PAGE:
How an Appeal Works

An appeal is a chance to challenge discrete mistakes made at the trial level.  It is not a second chance to do a new trial. 

if you are unhappy with your trial result because you think the jury just got it wrong, you appeal is unlikely to succeed.  The appellate court typically won't reweigh the evidence presented at trial.

However, if you feel you lost the case because the trial court made a bad ruling on evidence or applied the law incorrectly to the facts, then the issue may be appealable.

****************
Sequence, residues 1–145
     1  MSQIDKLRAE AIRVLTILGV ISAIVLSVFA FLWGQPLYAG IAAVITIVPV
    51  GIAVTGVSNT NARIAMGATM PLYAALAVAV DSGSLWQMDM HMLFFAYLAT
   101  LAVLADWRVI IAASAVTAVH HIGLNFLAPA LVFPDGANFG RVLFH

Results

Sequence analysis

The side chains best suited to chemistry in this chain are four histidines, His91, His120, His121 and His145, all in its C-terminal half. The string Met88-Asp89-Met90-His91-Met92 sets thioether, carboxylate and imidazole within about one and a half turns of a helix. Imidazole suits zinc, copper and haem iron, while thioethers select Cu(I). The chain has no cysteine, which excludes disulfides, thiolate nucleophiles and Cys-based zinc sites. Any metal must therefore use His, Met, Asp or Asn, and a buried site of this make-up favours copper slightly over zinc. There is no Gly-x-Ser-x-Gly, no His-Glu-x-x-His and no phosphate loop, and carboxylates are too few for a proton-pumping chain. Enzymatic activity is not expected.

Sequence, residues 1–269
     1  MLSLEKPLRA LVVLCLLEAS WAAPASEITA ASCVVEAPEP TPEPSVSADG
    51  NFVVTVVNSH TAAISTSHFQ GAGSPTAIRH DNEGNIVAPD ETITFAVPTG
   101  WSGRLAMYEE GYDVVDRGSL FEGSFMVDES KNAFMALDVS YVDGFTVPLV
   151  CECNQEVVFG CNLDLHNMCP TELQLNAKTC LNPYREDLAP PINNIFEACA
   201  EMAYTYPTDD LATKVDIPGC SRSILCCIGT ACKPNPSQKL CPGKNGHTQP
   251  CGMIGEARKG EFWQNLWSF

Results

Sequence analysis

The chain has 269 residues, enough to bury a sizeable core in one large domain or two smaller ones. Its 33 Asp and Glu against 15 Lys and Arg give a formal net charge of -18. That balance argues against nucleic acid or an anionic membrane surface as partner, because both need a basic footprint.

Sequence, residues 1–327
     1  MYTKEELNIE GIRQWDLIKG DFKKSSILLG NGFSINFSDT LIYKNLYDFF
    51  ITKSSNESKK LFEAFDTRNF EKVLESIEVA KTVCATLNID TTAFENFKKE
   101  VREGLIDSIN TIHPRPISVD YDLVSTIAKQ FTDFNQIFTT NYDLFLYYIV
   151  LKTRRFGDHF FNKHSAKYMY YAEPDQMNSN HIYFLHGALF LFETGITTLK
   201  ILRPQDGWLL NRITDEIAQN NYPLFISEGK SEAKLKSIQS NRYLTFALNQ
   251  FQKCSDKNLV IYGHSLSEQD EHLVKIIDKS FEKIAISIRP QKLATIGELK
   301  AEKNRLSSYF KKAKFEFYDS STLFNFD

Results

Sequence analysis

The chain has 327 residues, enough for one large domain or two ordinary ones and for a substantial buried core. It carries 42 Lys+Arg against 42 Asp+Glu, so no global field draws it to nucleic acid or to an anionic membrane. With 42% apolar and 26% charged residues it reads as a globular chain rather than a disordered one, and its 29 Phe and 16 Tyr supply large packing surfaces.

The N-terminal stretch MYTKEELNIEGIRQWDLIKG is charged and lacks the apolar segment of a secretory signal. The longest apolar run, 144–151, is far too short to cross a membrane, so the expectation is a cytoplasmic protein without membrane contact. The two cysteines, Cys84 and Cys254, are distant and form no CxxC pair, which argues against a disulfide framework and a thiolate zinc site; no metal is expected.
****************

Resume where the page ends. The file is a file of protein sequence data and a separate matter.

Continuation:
For instance, if the trial court allowed your opponent to introduce a critical piece of evidence, say a “smoking gun” document that you believe should not have been admitted on a legal ground (such as failure to properly authenticate the document) then you can use an appeal to challenge the trial court’s decision to admit the document.  If you prevail on appeal, the appellate court would vacate the trial decision and could reverse it entirely or remand the case for a new trial.

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